Carol Moukheiber and Christos Marcopoulos

Date: 2012-

Valentina Mele
Erin Holman
Stacie Vos

Janus House

Carol Moukheiber and Christos Marcopoulos

Completed: 2012
Location: Toronto


Kevin Schorn
Gabriel Fain
Yie Ping See
Thilani Rajarathna
Michael Spatafora
Valentina Mele
Sonia Ramundi
Patty Graham

Structural Engineering
Blackwell Bowick
Luke Anderson

Maris Marzulis

The Hu-Mannequin

Christos Marcopoulos and Carol Moukheiber

Date: 2012

Valentina Mele
Michael Spatafora

Clothes designed by:
Adrian Wu
Erin Holman

IM Blanky

(soft) Hardware:
The blanket measures 7’7” x 4’2” and comprises 104 tilt sensors. They are arrayed in a hexa-grid formation and distributed uniformly over its entire field. The flower-like sensors consist of 6 conductive petal-like pads, radiating from a conductive tassel attached to a powered double-arabesque of conductive wire. The resistance in the current flowing through petal and tassel varies depending on which petal is in contact with the tassel (The R (Ohms) value thus indexes the direction of the tassel). The flowers are arranged in 16 clusters and their stems connected to computational node (Multiplexer). The nodes communicate the fluctuation in current resistance recorded at each flower to a microcontroller stitched to the back of the blanket (Arduino LilyPad). The data is communicated wirelessly to a computer (XBee Shield)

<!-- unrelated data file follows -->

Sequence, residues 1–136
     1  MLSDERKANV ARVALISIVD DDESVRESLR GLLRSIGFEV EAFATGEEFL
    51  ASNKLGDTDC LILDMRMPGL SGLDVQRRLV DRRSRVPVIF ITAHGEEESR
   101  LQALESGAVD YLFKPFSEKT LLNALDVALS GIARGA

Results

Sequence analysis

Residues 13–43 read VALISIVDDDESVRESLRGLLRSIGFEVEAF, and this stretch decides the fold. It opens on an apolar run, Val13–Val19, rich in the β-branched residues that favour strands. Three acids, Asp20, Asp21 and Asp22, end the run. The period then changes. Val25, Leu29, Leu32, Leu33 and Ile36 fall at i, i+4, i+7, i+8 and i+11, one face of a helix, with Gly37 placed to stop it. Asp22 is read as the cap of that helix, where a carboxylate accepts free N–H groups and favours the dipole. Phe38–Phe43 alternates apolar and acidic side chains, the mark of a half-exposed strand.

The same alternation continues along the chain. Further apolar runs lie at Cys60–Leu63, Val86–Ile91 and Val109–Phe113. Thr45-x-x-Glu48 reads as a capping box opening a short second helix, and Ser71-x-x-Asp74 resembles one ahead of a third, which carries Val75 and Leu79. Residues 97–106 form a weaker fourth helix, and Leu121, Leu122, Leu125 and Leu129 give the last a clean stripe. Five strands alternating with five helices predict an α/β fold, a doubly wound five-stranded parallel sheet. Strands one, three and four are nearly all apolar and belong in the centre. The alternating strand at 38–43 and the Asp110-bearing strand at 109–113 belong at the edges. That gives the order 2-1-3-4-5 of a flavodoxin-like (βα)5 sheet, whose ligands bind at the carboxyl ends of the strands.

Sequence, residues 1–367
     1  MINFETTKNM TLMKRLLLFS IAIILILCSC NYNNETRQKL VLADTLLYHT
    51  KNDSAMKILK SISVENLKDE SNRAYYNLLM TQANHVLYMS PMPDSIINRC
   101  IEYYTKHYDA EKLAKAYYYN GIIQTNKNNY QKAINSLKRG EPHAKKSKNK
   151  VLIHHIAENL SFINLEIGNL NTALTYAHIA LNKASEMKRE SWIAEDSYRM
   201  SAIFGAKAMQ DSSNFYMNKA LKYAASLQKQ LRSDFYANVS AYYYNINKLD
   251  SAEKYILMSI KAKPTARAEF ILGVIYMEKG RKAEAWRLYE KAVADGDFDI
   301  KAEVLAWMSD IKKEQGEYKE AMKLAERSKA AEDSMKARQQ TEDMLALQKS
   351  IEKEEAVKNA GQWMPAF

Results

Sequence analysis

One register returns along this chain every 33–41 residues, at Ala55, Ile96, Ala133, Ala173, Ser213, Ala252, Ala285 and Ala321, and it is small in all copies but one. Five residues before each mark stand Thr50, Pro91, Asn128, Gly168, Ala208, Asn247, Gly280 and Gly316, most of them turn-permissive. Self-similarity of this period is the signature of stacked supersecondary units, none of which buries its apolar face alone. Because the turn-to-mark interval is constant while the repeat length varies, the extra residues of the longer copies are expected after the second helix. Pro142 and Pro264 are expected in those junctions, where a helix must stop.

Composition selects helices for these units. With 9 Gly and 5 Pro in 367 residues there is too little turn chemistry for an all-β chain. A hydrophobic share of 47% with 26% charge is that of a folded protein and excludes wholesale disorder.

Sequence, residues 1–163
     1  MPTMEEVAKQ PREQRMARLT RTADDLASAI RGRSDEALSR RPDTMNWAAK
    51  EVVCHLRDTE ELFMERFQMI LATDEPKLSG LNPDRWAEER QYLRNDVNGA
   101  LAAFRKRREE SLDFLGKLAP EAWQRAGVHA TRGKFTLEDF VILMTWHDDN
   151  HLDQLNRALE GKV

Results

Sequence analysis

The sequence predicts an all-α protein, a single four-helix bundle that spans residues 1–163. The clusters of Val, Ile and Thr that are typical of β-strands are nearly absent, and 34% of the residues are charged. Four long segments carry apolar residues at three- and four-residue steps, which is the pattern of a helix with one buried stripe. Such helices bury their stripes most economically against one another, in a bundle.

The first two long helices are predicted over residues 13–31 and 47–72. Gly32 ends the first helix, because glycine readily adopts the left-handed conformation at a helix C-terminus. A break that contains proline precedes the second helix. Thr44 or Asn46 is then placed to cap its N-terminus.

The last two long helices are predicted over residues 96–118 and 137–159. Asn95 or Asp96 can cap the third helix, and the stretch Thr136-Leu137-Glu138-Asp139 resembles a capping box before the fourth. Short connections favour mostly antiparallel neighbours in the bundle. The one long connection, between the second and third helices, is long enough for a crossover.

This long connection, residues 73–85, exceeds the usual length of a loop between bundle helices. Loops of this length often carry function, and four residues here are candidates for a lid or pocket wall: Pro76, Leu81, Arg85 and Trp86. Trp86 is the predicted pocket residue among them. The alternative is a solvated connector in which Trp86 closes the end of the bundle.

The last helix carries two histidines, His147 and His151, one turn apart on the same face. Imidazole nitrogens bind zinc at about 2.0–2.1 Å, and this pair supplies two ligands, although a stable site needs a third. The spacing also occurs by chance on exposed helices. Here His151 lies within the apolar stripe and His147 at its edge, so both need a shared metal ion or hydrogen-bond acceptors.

Each flower occupies a hexagonal cell, surrounded by six neighbors. The computation script extrapolates directional vectors from current resistance data and models a slope based on the orientation of that cell in relation to that of its immediate 6 neighbors. The algorithm generates a field of peaks and valleys that gets fine-tuned into a smooth polygonal mesh by negotiating local conditions at each cluster within the behavior parameters of the overall figure (Processing).

Carol Moukheiber, Christos Marcopoulos with Rodolphe el-Khoury (KLF)

Date: 2011

Design and Fabrication: Valentina Mele, Sebastian Savone, Yie Ping See
Programming: Jonah Ross Marrs, Samar Sabie, Dina Sabie